A rapid and simple method was developed for quantitation of polar compounds in fats and oils using monostearin as internal standard. Starting from 50 mg of oil sample, polar compounds were obtained by solid-phase extraction (silica cartridges) and subsequently separated by high-performance size-exclusion chromatography into triglyceride polymers, triglyceride dimers, oxidized triglyceride monomers, diglycerides, internal standard and fatty acids. Quantitation of total polar compounds was achieved through the internal standard method and then amounts of each group of compounds could be calculated. A pool of polar compounds was used to check linearity, precision and accuracy of the method, as well as the solid-phase extraction recovery. The procedure was applied to samples with different content of polar compounds and good quantitative results were obtained, especially for samples of low alteration level.
Muitos contaminantes orgânicos estão presentes em água em baixas concentrações. Devido a isso, tem crescido o interesse em desenvolver técnicas de preparo de amostra que possibilitem pré-concentrar os analitos presentes na matriz para adequação ao sistema de detecção. Neste trabalho foi empregada a extração em fase sólida (EFS) com diferentes sorventes, tubos de extração C-18 e de poliestireno-divinilbenzeno (PS-DVB) e coluna de PS-DVB, para extrair pesticidas presentes em água. Os pesticidas estudados foram: bentazona, cianazina, simazina, 2,4-D, atrazina, diuron e linuron. Para a separação dos pesticidas utilizou-se a cromatografia líquida de alta eficiência (CLAE), com coluna analítica C-18 Nova Pak-Waters, 150 mm x 3,9 mm d.i., tamanho de partícula de 4 mm e 6 nm de diâmetro de poro. A fase móvel utilizada foi MeOH:H2O 50:50 v/v pH 3,75 (ajustado com ácido fosfórico) e a detecção foi feita por um detector por arranjo de diodos. Na separação cromatográfica obtiveram bons valores de resolução, maiores que 3,0 para todos os pesticidas, os fatores de retenção também foram adequados, estando numa faixa de 1,0 a 14. Os melhores volumes de amostras utilizados na extração foram de 200 mL para tubos C18 ( fator de pré-concentração de 400 vezes ) e de 750 mL para tubos e colunas de PS-DVB ( fator de pré-concentração de 1500 vezes ). A adição de sal na amostra não melhorou os resultados de recuperação para todos os pesticidas em comparação com a amostra isenta de sal. A extração com tubos e colunas de PS-DVB mostrou-se mais adequada para recuperações de pesticidas polares do que os tubos C18...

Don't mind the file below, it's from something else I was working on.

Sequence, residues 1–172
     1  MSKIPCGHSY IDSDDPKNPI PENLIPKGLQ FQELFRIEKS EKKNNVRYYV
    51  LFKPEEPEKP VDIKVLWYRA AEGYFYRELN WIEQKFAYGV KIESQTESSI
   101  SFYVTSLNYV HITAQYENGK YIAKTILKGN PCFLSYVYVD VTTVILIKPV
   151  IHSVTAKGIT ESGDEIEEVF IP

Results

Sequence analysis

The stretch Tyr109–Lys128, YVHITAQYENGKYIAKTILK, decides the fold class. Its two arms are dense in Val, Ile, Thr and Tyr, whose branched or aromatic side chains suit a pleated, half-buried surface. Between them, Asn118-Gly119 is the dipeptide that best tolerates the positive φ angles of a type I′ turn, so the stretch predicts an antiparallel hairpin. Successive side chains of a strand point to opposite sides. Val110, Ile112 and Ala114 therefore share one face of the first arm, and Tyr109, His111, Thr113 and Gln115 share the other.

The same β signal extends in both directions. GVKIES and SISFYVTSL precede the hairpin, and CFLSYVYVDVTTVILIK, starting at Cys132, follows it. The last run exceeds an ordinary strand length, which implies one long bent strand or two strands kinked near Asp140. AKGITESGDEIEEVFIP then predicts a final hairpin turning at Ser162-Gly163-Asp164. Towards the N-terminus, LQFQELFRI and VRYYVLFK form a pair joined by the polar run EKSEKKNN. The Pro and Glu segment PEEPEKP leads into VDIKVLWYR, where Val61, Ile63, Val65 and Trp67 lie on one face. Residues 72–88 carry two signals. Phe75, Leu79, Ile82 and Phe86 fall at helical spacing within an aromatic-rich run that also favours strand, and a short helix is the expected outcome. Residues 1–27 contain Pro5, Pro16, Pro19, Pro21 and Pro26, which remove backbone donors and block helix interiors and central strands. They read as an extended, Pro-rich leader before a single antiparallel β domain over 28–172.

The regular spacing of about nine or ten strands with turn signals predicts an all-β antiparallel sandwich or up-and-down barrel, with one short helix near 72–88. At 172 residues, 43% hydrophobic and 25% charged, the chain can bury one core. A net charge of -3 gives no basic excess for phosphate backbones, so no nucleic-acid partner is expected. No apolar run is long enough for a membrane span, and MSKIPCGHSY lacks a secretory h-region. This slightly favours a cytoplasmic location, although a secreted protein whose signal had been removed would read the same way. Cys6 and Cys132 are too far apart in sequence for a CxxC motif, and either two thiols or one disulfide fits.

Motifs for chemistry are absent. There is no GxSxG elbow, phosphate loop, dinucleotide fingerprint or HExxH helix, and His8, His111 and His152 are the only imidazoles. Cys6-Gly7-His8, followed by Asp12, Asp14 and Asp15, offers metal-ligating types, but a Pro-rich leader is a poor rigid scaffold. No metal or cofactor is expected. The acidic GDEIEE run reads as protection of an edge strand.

O preparo de amostra representa uma etapa determinante e crítica no processo de análise e a extração em fase sólida (SPE) é uma técnica amplamente empregada no preparo de matrizes complexas. O objetivo deste trabalho foi o desenvolvimento de dispositivos e procedimentos que permitem aplicar campos elétricos em SPE empregando cartuchos (E-SPE®), visando adicionar os mecanismos da eletroforese ao processo cromatográfico. Para tanto, foram desenvolvidos eletrodos e cartuchos que possibilitam a aplicação de campos elétricos, além de um sistema para monitorar e controlar parâmetros eletrocromatográficos tais como: vazão, corrente elétrica, potencial elétrico e temperatura. Com esses dispositivos foram realizadas extrações com aplicação de campo elétrico empregando compostos modelo aniônicos, catiônicos e anfotéricos. Para permitir uma melhor compreensão dos fenômenos envolvidos foram avaliados diversos parâmetros de extração, entre esses: concentração de íons em solução, pH, modificador orgânico, volume de solução de lavagem e tipo de sorvente. O sistema foi avaliado também na determinação de antimicrobianos em leite. Dependendo da polaridade empregada sobre os eletrodos, a aplicação do campo elétrico foi capaz de modular (acelerar ou retardar) a saída dos compostos modelo do cartucho. Os resultados de extração obtidos demonstraram a eficácia dos dispositivos desenvolvidos...
Um novo sorvente para extração em fase sólida foi preparado utilizando a imobilização térmica do polímero poli(metiloctilsiloxano) sobre sílica zirconizada. Foram estudadas as etapas de preparo do sorvente, avaliando-se a quantidade de polímero, a temperatura e o tempo de imobilização e a extração do excesso de polímero não imobilizado. Também se determinou o volume de breakthrough e a eficiência de extração dos cartuchos preparados. Para avaliação da eficiência de extração dos sorventes, foram utilizadas amostras de água fortificadas com uma mistura dos agrotóxicos carbendazim, imidacloprido, acetamiprido, cimoxanil, carbofuram, carbaril, metiocarbe, tebuconazol, difenoconazol, pirimifós-metílico e piriproxifem. Os resultados de cada estudo realizado foram comparados com os obtidos para o sorvente preparado sobre sílica não modificada e foram consideradas adequadas as eficiências de extração entre 70 e 120%, com coeficiente de variação de até 20%. Com a sílica zirconizada, os melhores resultados foram obtidos com 50% de polímero sobre o suporte, imobilização a 120 °C por 4 horas e extração do excesso de polímero utilizando n-hexano, numa proporção de 36 mL de solvente para cada 1 g de material...